PHOENIX — With no movement from the governor and GOP lawmakers, a coalition of teachers, parents and education advocates are going to take their case for more state aid directly to voters.
The plan would boost the state income tax by 4.46 percent on individuals with taxable income of at least $500,000 or households with $1 million or more.
A smaller increase of 3.46 percent would apply to those earning $250,000 or more.
Depending on how it is structured, it could nearly double what those in those income brackets owe the state.
If approved, 60 percent of the money raised would go to teacher salaries. That would most immediately provide dollars for the 19 percent teacher pay hike that Gov. Doug Ducey and Republican legislative leaders have agreed to provide.
Ducey's plan, however, lacks an actual funding source, with the governor insisting that the price tag of $670 million by the 2020-2021 school year can be financed largely through an improving economy.
But the initiative also would include dollars for general operating budgets, helping to restore the $1 billion that education advocates say have been cut from state aid to schools in the past decade.
It would permit schools to use some of those dollars for pay raises for support staff, people not included in the governor's plan. But school boards would be required to see input from teachers and staff on how to use those dollars.
The move comes after Ducey and Republican lawmakers have rebuffed demands by education groups to come up with a dedicated source of funding for not just the pay raise but other education needs.
Lawmakers could raise the taxes themselves. But that would take a nearly impossible two-thirds vote.
In fact, Rep. Noel Campbell, R-Prescott, has failed to generate sufficient interest among his colleagues
And the Republican leadership has shown little interest in a proposal by Rep. Noel Campbell, R-Prescott, for a temporary one-cent surcharge on the state sales tax to generate $1 billion a year while education groups look at putting something on the 2020 ballot.
All this comes as the strike that has closed most schools entered its second day on Friday, with a second day of a rally on the Capitol lawn.
The Arizona Education Association pegged attendance at 30,000, compared with 50,000 the day before; the Department of Public Safety estimated the rally at only about 4,000.
Whatever the number, Joe Thomas, president of the Arizona Education Association, said some of what is disheartening is that most lawmakers were not even around to hear from educators, having adjourned Thursday until Monday.
And Ducey continues to remain adamant that teachers should return to their classrooms as he's giving them the raise they want — even if it doesn't include specific dollars for support staff and even if it does not spell out how the state intends to bring aid to schools back to where it was a decade earlier.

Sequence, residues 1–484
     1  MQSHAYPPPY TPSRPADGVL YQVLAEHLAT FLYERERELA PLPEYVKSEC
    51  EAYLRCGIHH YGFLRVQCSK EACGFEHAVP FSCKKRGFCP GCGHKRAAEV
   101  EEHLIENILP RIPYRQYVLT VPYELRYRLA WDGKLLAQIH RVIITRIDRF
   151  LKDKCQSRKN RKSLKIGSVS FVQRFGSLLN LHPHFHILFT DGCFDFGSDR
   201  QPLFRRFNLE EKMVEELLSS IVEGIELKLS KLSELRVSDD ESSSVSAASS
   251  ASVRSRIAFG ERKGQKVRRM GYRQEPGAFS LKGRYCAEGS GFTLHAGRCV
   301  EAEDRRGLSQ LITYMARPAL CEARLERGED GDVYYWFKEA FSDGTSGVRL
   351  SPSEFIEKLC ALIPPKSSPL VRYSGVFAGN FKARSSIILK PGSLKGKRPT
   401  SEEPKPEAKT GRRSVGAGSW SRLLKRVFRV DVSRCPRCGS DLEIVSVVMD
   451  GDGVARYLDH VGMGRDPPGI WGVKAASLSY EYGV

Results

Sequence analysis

It is that gap that the initiative is designed to address.
Current state aid to K-12 schools is $5.39 billion. That compares with $5.15 billion a decade ago.
But in that same time, nearly 79,000 youngsters have been added to the system, bringing enrollment up about 1.1 million.
So the actual aid per student of $4,949 a decade ago, dropped to $4,760 now.
What really makes a difference, though, is those dollars have not kept pace with inflation. Once that is factored in, legislative budget staffers say the money per student is worth $1,000 less than in 2008.
Multiply that by 1.1 million students and that's the $1 billion missing.
There's also the question of reliability of state dollars for education.
David Lujan, treasurer of the coalition and the director of the Arizona Center for Economic Progress, pointed out that lawmakers had agreed two decades ago to assume the responsibility for new school construction and major repairs. That program, known as Students FIRST -- for Fair and Immediate Resources for Schools Today -- was designed to put the state into compliance with a decision of the Arizona Supreme Court which found the state was not complying with its constitutional obligation to fund a ``general and uniform'' school system.
So in the 1999, 2000 and 2001 budget years, the state set aside $200 million for construction; that went to $250 million in 2002.
But there were no dollars for the following three years before funding was restored — only to be effectively zeroed out again in 2009.
“We believe Students FIRST provides a valuable lesson for today's legislature that failing to identify a reliable revenue source for a significant investment in public education is a recipe for unfulfilled promises,” he said earlier this month in releasing the statistics.